Researchers from The Cancer Institute of New Jersey (CINJ) have revealed the role lactate plays in the development of breast cancer cells and surrounding connective tissue.
A known energy source for cancer cells is blood sugar (glucose), which helps convert food into a useable resource for the cell.
Cancer cells also can convert glucose into lactic acid (or lactate), which can result in excess accumulation of this chemical in the cell. In order for tumor cells to thrive, the lactate needs to be expelled from the cell.
This function is carried out by a family of proteins (monocarboxylate transporters) that transport this lactic acid across cell membranes.
Previous study shows that breast cancer development and disease spread are highly dependent on specialized connective tissue (stroma), particularly carcinoma associated fibroblasts (CAFs), as tumors rarely develop in the absence of this tissue.
CAFs are known to support tumor growth and may cause tumor cells to be drug resistant. The exact role of stroma in the development of breast cancer remains unclear and is an area of intense investigation.
To explore whether lactate produced by tumor cells is used as an energy source for stromal cells-in effect forming a small ecosystem where lactate is an essential element -- the team developed an experimental system to generate CAFs from bone marrow-derived mesenchymal stem cells (MSCs), which make up the outer connective tissue of a cancer tumor.
Investigators have demonstrated the ability of these CAFs to promote tumor growth both in laboratory and experimental models using a cell line that represents the basal subtype of human breast cancer.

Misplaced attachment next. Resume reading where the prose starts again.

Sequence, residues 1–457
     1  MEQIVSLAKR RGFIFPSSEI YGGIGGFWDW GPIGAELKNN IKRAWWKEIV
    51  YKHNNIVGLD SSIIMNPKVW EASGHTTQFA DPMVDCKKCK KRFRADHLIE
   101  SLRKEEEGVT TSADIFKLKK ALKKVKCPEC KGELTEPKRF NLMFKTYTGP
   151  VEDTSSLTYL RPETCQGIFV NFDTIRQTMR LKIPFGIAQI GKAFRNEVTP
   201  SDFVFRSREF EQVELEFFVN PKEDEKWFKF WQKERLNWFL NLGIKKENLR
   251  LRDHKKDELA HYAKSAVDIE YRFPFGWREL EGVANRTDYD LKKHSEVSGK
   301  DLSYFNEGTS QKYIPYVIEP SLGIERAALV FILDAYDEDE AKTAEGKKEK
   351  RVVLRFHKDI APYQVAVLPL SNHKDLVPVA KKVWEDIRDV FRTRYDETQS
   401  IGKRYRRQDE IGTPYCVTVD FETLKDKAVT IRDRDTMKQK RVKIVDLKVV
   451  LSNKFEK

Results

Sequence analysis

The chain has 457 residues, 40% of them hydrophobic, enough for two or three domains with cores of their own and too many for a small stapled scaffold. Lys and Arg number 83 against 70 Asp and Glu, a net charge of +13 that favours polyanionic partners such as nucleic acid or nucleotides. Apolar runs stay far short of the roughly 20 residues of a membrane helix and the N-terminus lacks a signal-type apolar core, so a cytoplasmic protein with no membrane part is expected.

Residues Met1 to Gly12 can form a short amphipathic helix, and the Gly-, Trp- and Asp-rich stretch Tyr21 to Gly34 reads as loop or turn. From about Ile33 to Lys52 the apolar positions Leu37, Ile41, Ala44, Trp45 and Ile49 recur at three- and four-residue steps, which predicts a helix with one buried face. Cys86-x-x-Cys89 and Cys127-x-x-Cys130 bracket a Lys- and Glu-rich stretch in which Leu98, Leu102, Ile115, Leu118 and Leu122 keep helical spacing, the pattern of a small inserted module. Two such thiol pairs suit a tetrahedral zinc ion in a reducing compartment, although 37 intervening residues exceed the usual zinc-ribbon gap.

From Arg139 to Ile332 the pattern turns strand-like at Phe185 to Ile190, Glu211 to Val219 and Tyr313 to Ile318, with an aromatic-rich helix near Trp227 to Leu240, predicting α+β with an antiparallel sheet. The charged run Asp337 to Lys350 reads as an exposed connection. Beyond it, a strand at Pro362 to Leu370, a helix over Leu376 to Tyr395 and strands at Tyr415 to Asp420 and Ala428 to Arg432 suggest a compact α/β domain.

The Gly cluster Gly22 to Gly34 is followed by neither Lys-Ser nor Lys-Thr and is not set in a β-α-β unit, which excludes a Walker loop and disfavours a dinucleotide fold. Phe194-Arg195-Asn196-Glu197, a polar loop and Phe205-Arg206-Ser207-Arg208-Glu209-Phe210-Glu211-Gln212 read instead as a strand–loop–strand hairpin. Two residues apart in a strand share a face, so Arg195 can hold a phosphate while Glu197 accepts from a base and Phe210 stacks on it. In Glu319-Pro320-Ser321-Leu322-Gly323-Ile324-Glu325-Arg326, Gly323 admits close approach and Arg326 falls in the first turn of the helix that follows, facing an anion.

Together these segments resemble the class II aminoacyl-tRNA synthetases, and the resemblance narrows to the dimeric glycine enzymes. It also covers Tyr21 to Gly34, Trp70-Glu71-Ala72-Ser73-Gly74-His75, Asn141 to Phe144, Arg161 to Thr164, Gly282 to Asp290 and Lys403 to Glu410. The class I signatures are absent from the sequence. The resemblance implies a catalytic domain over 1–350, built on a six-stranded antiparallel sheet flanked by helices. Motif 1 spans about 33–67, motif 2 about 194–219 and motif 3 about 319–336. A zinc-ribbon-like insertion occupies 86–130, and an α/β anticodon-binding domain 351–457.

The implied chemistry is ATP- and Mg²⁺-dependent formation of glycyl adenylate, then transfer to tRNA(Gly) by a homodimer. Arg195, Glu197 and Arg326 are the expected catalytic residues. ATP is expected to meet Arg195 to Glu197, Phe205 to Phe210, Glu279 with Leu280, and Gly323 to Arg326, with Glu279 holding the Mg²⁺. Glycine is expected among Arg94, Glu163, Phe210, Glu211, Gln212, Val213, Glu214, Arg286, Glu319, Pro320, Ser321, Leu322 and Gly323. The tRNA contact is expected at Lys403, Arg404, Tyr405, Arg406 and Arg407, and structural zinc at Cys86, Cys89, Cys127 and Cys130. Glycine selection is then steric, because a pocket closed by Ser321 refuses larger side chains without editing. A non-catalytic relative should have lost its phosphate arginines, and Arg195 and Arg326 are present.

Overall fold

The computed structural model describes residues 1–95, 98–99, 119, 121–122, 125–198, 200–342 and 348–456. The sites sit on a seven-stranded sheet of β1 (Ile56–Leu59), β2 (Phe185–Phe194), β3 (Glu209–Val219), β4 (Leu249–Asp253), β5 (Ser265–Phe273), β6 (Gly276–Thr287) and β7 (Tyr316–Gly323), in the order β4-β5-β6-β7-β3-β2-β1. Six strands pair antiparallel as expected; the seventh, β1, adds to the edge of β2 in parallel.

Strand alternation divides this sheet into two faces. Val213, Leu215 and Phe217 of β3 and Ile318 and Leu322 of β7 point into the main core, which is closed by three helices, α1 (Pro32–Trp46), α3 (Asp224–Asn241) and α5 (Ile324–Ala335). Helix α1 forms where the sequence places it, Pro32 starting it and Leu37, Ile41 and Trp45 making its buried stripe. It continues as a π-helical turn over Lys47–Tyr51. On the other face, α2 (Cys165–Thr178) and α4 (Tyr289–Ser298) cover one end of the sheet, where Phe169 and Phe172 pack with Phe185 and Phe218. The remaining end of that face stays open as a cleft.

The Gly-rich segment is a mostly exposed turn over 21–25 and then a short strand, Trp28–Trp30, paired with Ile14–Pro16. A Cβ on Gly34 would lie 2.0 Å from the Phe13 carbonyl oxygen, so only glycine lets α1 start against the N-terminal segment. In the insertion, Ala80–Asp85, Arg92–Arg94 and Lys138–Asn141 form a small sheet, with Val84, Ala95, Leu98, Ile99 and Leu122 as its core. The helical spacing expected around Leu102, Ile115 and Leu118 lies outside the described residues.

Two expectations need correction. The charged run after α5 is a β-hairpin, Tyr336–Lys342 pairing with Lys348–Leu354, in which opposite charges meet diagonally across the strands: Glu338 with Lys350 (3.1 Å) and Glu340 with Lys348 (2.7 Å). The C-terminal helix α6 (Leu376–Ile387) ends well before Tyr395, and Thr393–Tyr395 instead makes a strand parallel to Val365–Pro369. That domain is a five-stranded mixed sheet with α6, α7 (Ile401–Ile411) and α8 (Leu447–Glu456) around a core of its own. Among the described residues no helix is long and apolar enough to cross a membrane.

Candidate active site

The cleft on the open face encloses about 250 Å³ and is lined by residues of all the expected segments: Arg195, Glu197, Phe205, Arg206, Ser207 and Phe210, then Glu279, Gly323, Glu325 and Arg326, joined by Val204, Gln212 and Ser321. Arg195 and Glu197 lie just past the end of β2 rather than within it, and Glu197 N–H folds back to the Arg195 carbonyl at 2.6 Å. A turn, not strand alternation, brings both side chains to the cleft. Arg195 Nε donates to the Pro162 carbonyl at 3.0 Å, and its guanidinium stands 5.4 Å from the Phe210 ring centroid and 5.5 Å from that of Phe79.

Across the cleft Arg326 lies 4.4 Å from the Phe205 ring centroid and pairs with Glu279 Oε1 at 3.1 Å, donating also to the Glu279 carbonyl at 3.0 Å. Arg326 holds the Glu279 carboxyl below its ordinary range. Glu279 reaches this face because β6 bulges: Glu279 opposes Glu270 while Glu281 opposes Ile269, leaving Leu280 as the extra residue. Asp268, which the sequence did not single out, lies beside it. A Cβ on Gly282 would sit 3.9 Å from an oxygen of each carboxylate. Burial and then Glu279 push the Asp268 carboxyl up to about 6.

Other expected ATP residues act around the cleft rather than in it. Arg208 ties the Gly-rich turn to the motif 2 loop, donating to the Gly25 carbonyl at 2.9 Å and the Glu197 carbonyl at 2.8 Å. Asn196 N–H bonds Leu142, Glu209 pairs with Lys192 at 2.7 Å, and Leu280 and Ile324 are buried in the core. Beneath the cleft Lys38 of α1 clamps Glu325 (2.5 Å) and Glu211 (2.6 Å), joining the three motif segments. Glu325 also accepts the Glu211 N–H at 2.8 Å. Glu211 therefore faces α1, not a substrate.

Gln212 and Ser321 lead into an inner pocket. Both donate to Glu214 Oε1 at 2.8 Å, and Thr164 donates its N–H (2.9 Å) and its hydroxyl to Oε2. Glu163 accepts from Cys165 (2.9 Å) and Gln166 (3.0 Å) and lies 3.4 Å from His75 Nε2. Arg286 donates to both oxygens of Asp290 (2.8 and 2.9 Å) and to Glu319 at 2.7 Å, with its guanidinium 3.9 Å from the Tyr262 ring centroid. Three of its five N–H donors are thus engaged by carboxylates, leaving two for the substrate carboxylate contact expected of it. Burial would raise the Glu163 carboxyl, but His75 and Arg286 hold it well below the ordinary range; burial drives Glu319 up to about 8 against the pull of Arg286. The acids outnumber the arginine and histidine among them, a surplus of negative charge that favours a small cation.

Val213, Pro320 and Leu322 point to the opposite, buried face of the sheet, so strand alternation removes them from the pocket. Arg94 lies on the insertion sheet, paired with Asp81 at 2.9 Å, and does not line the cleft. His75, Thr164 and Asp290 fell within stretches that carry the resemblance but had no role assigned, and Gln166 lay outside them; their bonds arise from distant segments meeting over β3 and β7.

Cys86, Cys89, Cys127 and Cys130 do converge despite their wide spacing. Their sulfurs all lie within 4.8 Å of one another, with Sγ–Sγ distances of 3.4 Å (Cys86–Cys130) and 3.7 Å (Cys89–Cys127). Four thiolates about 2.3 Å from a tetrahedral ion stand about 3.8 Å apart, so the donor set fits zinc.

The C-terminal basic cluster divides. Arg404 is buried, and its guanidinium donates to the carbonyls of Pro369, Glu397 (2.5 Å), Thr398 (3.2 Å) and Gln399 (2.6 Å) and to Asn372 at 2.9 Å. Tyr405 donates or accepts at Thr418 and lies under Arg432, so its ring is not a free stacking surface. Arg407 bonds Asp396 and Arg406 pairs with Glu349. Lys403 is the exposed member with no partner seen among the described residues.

They found that CAFs can remove lactate from the tumor environment and utilize it as an energy source by increased activity of monocarboxylate transporters.
In exchange, the CAFs support tumor growth by providing the tumor with the stimulation necessary to secrete proteins in order to regulate certain cellular functions. One of these functions is the recruitment of MSCs through cell migration, in essence, directing strategic placement of these cells.
"These studies will increase our understanding of metabolic cooperation between two of the principal players in the tumor environment and will yield information regarding important targets permitting future development of focused therapies for stroma reliant tumors," said Debabrata Banerjee, a scientist at CINJ and associate professor of medicine at UMDNJ-Robert Wood Johnson Medical School, is the senior investigator.
The findings have been presented this week at the 101st Annual Meeting of the American Association for Cancer Research (AACR).